Kick off your day with ZDNet's daily email newsletter. It's the freshest tech news and opinion, served hot. Get it.


Log in or register to join the discussion
  • An irresponsible decision from the responsible minister

    Is this just about removal of unnecessary red tape, or is AG George Brandis trying to isolate himself and the relevant minister from blame when off-shored data is lost or compromised?
  • Ask the Irish

    Ask the Irish if they thing storing data in a foreign owned cloud was a good idea (no fault of MS either).
  • I don't think this will change much.

    You might get a few cowboys taking it on public cloud offerings, ones that don't do thier risk assessments very often. But the Irish decision mentioned above will give everyone pause.

    Security is one problem, but funding is the other.

    Cloud is opex, and gov it relies on capex. All the project dollars are capex, not opex. Also, they get all the opex dollars to run a system from depreciation.

    The necessary oversight will be costly, so the potential savings (if any) are not going to be that large. Value for money test in government isn't about what is cheaper, it is about 'bang for buck'. Agencies are going to end up needing more staff to manage a cloud based solution than an internally hosted one - especially if they have to run internally hosted solution concurrently with cloud based ones.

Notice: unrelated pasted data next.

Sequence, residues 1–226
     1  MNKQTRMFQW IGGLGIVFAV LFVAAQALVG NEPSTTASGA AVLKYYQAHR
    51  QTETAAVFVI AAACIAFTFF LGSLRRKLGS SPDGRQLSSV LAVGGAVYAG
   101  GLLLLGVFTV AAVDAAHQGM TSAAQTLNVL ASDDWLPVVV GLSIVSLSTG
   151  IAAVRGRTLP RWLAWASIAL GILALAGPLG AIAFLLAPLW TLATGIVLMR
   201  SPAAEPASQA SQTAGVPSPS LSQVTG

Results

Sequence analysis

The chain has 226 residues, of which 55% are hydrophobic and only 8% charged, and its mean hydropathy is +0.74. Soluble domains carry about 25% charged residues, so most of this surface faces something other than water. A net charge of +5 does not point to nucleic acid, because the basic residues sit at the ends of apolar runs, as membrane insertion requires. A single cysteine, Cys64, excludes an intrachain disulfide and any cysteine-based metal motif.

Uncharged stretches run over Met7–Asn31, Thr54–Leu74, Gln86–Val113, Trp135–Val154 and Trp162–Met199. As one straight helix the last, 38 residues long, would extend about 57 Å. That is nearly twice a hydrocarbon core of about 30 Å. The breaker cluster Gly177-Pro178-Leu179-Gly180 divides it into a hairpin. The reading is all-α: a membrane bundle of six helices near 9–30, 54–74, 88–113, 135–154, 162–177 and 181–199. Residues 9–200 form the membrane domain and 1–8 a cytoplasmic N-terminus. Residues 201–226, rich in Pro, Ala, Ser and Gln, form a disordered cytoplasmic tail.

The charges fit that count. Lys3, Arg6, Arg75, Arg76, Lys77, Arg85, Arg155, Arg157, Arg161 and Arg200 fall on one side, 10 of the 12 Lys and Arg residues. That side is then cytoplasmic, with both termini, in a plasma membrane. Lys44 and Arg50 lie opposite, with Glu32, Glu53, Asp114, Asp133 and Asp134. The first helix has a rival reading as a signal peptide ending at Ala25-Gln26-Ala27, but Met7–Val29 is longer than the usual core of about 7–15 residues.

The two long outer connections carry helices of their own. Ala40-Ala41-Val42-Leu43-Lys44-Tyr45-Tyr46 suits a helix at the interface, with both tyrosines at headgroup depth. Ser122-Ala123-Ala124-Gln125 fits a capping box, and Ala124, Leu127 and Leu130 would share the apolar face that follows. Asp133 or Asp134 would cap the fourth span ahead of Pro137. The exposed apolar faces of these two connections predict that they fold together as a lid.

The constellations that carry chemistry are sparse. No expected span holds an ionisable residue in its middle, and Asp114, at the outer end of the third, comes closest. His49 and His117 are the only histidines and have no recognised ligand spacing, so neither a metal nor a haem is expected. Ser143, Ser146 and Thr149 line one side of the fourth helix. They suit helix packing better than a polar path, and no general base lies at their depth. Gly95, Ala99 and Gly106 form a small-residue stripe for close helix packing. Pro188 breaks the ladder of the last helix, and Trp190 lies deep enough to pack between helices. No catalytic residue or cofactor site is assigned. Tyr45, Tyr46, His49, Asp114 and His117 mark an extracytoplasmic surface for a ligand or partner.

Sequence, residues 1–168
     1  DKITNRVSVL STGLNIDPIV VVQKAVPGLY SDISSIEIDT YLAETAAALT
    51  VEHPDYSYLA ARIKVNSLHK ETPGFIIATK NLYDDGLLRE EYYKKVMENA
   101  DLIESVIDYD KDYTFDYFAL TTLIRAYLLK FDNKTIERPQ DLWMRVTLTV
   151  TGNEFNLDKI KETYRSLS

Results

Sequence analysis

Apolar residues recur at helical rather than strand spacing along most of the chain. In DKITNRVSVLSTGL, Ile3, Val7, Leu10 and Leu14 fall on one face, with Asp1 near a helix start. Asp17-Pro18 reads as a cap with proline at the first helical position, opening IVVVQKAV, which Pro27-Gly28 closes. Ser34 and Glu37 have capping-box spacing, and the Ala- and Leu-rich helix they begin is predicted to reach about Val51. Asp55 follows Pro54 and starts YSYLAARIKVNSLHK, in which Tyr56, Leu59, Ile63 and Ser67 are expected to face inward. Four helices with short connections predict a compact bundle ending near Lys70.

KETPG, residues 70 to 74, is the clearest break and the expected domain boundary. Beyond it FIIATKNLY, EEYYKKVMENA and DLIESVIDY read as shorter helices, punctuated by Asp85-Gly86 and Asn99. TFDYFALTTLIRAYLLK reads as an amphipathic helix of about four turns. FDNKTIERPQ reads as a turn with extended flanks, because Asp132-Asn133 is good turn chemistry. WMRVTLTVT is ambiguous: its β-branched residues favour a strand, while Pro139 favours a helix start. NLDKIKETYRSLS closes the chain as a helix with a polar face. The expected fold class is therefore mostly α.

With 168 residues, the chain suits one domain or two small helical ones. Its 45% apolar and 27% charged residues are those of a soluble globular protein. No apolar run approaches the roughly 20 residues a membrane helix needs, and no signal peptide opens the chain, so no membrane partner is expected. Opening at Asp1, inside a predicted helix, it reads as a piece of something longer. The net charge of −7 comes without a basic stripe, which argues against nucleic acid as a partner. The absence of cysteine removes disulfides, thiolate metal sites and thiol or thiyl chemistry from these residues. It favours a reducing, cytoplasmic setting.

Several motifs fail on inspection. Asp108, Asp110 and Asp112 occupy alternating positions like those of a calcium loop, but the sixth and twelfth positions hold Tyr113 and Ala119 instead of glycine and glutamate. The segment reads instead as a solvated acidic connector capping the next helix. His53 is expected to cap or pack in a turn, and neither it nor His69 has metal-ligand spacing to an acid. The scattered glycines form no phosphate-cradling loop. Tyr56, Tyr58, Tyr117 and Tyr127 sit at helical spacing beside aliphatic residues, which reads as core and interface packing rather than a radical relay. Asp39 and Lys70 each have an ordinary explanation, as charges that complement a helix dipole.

• What's so difficult about having an Australian cloud?

    I don't see the need to offshore our own data anyway. Haven't we got perfectly good Australian cloud service providers that the government should be employing, most of which I'd expect offer a fully onshore variant of the service? Its an accident waiting to happen and this is in my opinion just a lazy attitude to information security. If the existing ministers don't understand information security properly I suggest we rethink who is suitable for a ministerial role. Most companies worth their salt have a CIO (Information), even a CISO (Information Security) and they are becoming increasingly high profile. Maybe the political parties need to ensure they select candidates that are more competant in 21st century skills rather than going after the specialist spin doctors who can kiss 20 babies per second and can turn a straightforward yes/no question into a 15 minute diatribe about how to opposition are cretins.